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‘Both knowledge and truth are beautiful things, but the Good is other and more beautiful than they.’ Plato, Republic, 508e. This book traces the multiple meanings of art back to their historical roots, and equips the reader to choose between them. Art with a capital A turns out to be an invention of German Romantic philosophers, who endowed their creation with the attributes of genius, originality, rule breaking, and self-expression, directed by the spirit of the age. Recovering the problems that these attributes were devised to solve dispels many of the obscurities and contradictions that accompany them. What artists have always sought is excellence, and they become artists in so far as they achieve it. Quality was the supreme value in Renaissance Italy, and in early Greece it offered mortals glimpses of the divine. Today art historians avoid references to beauty or Quality, since neither is objective or definable, the boundaries beyond which scholars dare not roam. In reality subject and object are united and dissolved in the Quality event, which forms the bow wave of culture, leaving patterns of value and meaning in its wake.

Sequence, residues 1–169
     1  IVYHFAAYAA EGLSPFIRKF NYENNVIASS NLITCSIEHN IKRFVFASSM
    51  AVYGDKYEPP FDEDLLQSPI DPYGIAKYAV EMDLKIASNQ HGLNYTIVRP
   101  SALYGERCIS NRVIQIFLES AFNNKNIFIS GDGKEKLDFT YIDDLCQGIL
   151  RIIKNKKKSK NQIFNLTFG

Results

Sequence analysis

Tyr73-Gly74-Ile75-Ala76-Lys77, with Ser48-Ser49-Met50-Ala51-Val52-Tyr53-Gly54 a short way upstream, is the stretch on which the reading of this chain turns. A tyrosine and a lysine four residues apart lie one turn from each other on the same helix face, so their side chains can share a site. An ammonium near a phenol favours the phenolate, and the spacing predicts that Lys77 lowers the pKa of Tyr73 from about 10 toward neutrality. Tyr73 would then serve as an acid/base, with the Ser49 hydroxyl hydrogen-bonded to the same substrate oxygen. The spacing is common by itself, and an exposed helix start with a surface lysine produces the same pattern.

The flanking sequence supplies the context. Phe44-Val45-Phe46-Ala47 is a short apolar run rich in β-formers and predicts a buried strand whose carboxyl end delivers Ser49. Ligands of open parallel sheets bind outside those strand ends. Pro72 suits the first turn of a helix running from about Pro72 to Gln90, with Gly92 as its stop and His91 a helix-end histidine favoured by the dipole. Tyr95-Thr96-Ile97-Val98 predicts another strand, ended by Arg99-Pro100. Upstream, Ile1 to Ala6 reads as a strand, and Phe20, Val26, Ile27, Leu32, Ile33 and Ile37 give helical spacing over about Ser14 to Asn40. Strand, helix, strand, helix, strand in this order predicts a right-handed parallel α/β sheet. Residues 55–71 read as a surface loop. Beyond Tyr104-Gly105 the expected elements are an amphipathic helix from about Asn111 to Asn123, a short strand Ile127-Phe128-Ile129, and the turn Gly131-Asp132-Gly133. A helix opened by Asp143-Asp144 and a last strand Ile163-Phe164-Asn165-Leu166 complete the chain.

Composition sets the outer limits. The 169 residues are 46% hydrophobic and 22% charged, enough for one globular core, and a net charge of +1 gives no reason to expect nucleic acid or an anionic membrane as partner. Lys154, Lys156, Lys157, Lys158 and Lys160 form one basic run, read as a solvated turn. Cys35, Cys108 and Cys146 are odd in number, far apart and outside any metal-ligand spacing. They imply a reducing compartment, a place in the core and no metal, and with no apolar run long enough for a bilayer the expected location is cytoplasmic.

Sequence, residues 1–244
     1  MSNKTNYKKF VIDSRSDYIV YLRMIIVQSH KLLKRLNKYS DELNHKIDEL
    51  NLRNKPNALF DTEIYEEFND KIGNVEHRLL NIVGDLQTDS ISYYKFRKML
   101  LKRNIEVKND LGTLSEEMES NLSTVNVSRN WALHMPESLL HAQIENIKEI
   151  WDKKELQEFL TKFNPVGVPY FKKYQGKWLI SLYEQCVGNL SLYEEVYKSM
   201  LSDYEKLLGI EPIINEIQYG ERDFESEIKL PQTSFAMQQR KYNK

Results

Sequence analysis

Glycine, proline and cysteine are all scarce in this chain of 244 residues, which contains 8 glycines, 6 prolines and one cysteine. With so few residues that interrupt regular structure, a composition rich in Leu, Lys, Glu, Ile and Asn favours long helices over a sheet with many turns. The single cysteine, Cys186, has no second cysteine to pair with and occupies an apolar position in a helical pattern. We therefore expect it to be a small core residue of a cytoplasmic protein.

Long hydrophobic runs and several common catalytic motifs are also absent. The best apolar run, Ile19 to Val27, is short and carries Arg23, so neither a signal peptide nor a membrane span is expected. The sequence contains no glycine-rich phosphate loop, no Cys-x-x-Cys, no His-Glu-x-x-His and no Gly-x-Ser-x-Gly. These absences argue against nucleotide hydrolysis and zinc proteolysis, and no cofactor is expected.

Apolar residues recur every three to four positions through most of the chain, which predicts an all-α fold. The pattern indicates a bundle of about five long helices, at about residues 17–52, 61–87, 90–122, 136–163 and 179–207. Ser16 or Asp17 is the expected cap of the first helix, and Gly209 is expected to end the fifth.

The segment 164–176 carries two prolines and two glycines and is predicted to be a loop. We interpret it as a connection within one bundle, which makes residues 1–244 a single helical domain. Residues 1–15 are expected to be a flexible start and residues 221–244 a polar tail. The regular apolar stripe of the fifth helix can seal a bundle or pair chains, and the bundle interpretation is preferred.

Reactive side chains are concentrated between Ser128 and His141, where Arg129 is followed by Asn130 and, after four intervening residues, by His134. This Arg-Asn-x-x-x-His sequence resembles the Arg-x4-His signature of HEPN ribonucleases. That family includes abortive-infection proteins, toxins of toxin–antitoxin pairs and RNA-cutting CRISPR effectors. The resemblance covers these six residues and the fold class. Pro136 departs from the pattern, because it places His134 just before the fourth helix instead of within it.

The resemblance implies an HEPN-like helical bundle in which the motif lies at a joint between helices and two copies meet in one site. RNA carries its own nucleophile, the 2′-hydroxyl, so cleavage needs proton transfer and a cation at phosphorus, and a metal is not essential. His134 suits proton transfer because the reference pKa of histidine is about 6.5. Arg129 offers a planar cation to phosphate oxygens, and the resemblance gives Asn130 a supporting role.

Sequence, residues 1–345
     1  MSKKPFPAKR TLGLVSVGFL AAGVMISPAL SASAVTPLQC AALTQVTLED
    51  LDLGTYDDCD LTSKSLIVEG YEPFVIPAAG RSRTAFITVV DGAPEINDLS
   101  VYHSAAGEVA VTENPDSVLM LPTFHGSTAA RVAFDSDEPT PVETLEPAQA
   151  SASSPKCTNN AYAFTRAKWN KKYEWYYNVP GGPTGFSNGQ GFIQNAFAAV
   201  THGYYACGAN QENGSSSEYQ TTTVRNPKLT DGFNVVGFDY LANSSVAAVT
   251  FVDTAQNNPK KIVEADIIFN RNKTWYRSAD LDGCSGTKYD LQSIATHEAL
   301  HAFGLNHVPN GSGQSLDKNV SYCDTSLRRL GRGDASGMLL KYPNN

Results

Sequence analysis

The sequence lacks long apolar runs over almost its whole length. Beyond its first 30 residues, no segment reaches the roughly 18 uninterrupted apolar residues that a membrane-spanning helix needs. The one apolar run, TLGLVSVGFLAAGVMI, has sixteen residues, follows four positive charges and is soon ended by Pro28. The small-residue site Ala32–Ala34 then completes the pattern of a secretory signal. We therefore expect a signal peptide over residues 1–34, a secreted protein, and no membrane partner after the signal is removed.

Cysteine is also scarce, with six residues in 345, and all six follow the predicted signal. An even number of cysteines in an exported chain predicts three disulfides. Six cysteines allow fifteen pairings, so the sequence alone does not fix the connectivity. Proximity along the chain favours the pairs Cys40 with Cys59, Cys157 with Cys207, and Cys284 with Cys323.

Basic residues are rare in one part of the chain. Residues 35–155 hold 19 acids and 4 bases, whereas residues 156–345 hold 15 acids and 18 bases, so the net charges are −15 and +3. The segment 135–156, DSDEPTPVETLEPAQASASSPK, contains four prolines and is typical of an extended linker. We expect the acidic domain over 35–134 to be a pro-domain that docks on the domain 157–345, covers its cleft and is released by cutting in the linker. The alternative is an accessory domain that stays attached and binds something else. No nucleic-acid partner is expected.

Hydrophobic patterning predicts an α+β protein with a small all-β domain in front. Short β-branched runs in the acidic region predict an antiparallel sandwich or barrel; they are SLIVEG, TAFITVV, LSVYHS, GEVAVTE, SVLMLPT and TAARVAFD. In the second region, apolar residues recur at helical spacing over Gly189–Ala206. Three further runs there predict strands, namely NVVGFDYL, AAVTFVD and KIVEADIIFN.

|Publisher:||Hunt, John Publishing|
|Product dimensions:||7.80(w) x 9.90(h) x 0.50(d)|
About the Author
Patrick Doorly was educated at St John’s College, Oxford; Stockholm University; and the Courtauld Institute of Art. For much of his career he taught critical and theoretical studies to students on studio-based courses in art and design. Since 2000 he and his wife have lived in Oxford, where he divides his time between writing and teaching art history at the university’s Department for Continuing Education.